But it is far better to look at the uni as a whole taking into account course and location, clubs and societies, night life, academic support, accommodation and facilities.
Simon Jones says: “You’re going to be spending at least three years at uni so don’t forget to look at all the other amazing stuff your uni could offer you. League tables are a useful starting point when faced with so much choice at the beginning of your journey but any final decisions really need to be based on your own research, your own personal ranking”
Bringing the parents
Having the folks to hold your hand at open days can feel comforting but university is about stepping out on your own and making your own decisions about your future. That’s not to say you should dismiss your parents completely but it can be a double-edged sword having them come with you.
This is a major step into adulthood. Your parents aren’t going to be there all the time at uni and they may have different opinions about what is right for you.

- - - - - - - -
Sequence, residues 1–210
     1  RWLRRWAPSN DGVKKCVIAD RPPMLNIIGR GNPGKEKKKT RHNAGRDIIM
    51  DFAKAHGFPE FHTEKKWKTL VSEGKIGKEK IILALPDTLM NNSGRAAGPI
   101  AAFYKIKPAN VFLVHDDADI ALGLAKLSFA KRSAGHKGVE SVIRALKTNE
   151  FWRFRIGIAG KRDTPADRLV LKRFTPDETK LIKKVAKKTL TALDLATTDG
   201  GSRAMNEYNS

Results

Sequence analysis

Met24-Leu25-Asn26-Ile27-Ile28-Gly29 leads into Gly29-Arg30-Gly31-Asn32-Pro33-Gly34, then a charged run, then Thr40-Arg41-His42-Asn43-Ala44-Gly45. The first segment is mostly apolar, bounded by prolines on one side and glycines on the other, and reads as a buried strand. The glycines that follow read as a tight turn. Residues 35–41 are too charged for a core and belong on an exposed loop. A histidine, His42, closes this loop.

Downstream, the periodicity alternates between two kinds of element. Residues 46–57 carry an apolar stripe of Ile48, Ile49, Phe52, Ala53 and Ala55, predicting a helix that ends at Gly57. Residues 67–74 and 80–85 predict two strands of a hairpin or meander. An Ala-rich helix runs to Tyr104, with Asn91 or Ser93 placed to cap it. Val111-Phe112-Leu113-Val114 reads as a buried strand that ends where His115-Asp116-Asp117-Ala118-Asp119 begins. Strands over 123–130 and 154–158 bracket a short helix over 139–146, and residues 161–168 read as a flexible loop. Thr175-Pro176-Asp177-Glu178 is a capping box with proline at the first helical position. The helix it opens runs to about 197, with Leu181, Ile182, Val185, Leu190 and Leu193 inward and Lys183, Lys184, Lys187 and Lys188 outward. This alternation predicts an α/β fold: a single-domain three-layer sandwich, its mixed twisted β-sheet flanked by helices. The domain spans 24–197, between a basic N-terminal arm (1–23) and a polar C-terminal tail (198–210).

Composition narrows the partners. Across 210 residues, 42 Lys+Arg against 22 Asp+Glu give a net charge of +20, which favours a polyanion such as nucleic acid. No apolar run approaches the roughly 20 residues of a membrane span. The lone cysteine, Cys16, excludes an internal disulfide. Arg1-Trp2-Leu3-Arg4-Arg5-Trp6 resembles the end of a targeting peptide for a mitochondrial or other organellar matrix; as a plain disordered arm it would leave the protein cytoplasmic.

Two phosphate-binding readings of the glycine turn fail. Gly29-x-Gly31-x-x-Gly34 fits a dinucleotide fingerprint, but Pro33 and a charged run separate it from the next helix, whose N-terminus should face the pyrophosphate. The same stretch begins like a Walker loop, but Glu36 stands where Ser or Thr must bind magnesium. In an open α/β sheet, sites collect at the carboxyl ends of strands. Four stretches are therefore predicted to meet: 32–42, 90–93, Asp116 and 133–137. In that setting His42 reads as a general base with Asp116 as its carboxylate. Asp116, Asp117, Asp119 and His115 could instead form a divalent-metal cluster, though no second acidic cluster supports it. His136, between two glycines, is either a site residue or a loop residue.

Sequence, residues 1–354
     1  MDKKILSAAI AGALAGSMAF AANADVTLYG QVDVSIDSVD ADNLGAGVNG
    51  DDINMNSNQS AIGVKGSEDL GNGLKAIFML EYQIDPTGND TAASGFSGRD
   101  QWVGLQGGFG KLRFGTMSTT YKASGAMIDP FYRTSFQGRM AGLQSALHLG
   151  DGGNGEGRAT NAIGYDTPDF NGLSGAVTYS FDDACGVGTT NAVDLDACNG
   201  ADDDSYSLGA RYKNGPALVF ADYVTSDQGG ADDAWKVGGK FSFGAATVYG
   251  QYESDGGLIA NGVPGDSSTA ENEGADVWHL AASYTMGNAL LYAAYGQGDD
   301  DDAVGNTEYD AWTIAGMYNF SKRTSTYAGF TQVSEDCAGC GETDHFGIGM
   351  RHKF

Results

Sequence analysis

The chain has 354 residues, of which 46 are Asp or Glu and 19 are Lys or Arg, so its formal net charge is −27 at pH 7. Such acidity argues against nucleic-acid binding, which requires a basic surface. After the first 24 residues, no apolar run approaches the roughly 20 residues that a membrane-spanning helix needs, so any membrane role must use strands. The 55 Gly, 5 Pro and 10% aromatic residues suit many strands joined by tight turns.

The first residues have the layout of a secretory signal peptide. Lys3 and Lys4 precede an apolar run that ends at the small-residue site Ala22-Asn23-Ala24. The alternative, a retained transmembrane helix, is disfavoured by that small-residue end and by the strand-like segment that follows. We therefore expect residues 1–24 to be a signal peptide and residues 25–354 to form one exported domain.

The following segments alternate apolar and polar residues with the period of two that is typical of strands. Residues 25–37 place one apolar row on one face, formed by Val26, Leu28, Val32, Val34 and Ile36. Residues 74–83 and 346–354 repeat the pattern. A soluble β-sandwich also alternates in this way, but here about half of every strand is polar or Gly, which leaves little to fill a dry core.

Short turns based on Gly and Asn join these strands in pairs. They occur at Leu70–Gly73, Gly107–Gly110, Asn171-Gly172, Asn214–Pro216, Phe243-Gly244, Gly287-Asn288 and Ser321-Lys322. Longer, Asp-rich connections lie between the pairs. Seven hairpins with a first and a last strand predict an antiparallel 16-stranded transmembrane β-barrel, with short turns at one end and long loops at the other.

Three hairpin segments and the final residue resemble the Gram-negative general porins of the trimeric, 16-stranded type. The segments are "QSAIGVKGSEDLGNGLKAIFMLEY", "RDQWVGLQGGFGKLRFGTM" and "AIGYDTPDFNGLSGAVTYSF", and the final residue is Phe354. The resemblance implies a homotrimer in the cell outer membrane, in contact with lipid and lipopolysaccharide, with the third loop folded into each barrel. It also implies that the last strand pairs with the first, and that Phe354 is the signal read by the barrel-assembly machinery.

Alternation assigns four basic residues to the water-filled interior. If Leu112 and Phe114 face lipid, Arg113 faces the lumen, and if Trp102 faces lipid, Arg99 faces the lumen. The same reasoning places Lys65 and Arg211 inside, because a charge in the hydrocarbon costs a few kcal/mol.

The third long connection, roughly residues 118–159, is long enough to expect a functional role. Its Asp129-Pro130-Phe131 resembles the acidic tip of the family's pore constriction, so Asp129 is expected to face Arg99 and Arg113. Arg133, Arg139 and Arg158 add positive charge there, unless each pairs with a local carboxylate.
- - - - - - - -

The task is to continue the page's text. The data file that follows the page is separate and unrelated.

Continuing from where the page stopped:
Making stuff up
One sure-fire way to NOT getting into the uni you want is to make stuff up on your personal statement or have someone else write it. It should be about you, why you are right for the course and what experience you have. It’s a good idea to get someone else to read through your statement when you feel happy with it, and ask for feedback, but write it yourself.
Don’t say things like you have read a certain book or done a particular course if you haven’t. If you get called for interview and asked about it, at best it will be embarrassing, at worst you risk not getting the place you want.
Ignoring what you love doing
Yes, you may be going to uni to study engineering or law but if you love rugby or horse riding don’t pick a campus where you can’t do those things! As well as finding somewhere that offers academic excellence in your chosen subject make sure you can indulge your passions too. It’s important to be happy wherever you decide to study.
For further information about studying at Coventry visit www.coventry.ac.uk